Lawrence Malcolm

Scugog Township’s first mayor was a farmer, who
55 years ago decided there must be more to life than cows...
so the political
rookie ran for a seat
on Cartwright council...

Lawrence Malcolm - 2009

Success in politics demands a keen analytical eye for current events. At 91 years old, Scugog Township’s first Mayor, Lawrence Malcolm, shows immediately that retirement has extinguished none of that focus. A discussion of the regional political scene, then versus now, stokes a fire.

“There were no consultants then,” he remarks with a twinkling of sarcasm. “Supposing we were considering fixing a road: some councillors and I would visit the site, make a decision. Today the township’s paying someone $20,000 to tell them about their staffing.”

Lawrence points proudly to deep roots in Scugog. In 1844, Lawrence’s great-grandfather and his two brothers evenly divided 200 acres of farmland in North Nestleton, not far from his current home. Weavers by trade, the three Scottish immigrants plied a new, radically different vocation in dairy farming.

In 1921, his father bought out the others. He remembers North Nestleton as a great place to grow up.
“No, we never felt isolated,” he recalls. “We had two social centres nearby, the Foresters’ Hall and the Church. As teenagers, we played badminton in the hall.”

The depth of those family roots became apparent when Lawrence seriously considered leaving.
“I went to school in Lindsay; had in mind to become a high school teacher and run a hobby farm. But I was homesick, and finally decided to stay on the family farm rather than move all over as a teacher.”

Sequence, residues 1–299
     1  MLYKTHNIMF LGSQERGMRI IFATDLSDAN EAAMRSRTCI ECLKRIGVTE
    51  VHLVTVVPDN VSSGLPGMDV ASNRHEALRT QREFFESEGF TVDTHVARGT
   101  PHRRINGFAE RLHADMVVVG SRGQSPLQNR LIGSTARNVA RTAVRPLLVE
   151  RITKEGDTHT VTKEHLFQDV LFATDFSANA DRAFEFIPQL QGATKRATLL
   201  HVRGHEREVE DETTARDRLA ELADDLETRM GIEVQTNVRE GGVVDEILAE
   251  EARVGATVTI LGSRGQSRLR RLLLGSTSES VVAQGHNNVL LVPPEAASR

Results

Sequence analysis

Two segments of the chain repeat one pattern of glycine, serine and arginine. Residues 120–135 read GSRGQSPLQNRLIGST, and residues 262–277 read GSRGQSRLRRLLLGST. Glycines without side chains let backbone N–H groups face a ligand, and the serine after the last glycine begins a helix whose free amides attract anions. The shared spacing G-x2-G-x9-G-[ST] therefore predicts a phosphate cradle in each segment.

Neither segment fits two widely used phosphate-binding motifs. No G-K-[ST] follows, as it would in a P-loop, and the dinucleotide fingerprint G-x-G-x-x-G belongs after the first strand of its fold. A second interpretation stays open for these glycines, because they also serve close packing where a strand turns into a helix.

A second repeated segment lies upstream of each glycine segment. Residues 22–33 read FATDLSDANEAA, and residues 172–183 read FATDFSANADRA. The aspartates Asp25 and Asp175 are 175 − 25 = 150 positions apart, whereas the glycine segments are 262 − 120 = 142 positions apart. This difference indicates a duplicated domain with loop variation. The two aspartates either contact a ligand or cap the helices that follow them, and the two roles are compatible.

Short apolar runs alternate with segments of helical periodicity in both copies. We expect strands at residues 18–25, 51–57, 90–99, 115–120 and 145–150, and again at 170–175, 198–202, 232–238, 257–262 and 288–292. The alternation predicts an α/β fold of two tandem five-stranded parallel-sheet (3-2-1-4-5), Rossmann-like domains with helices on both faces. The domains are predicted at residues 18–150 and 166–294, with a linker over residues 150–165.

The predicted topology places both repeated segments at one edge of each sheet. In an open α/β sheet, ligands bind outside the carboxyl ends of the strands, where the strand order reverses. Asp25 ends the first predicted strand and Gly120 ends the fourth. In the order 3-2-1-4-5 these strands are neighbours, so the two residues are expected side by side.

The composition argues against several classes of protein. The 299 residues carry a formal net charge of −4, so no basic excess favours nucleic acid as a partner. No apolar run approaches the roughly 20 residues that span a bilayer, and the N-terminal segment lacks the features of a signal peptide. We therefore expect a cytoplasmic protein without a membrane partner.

The Malcolms remained prosperous through the depths of the Great Depression, thanks to continued milk orders and sound financial planning.

“Most farmers were okay during those years if they had a small mortgage, even though prices for products and livestock dropped almost overnight. If you owed a lot, that was trouble – much like what some people face today: $300,000 mortgages with an economy in trouble. And I read where the average Canadian carries $85,000 in credit debt. Gives me shivers.”

Working as his father’s assistant, a chance visitor to the farm in 1945 would shape his future for all the years that followed.

“My younger sister was teaching school east of Bowmanville. She brought home her friend Gwen for the weekend. We were married three years later, 61 years this July.”
Not only did 1948 bring marriage – a union which ultimately produced seven children – it saw a succession in ownership of the Malcolm farm. After his father suffered a heart attack, Lawrence bought the property, which continued to prosper. Not that there weren’t occasional challenges, he recalls.

“Delivering the milk could be tricky. Highway 7A wasn’t then what it is today, and would often flood in spring. And I remember, in winter, making some deliveries with a horse and cutter, the snowbanks were so high.”
A seemingly trivial conversation between the Malcolms ignited Lawrence’s political career.

Gwen and Lawrence Malcolm - 2009

“I was reading the Holstein Journal one night and said to Gwen: There must be more to life than milk and cows.”
“The neighbours encouraged me to run for school board and at first, I resisted.”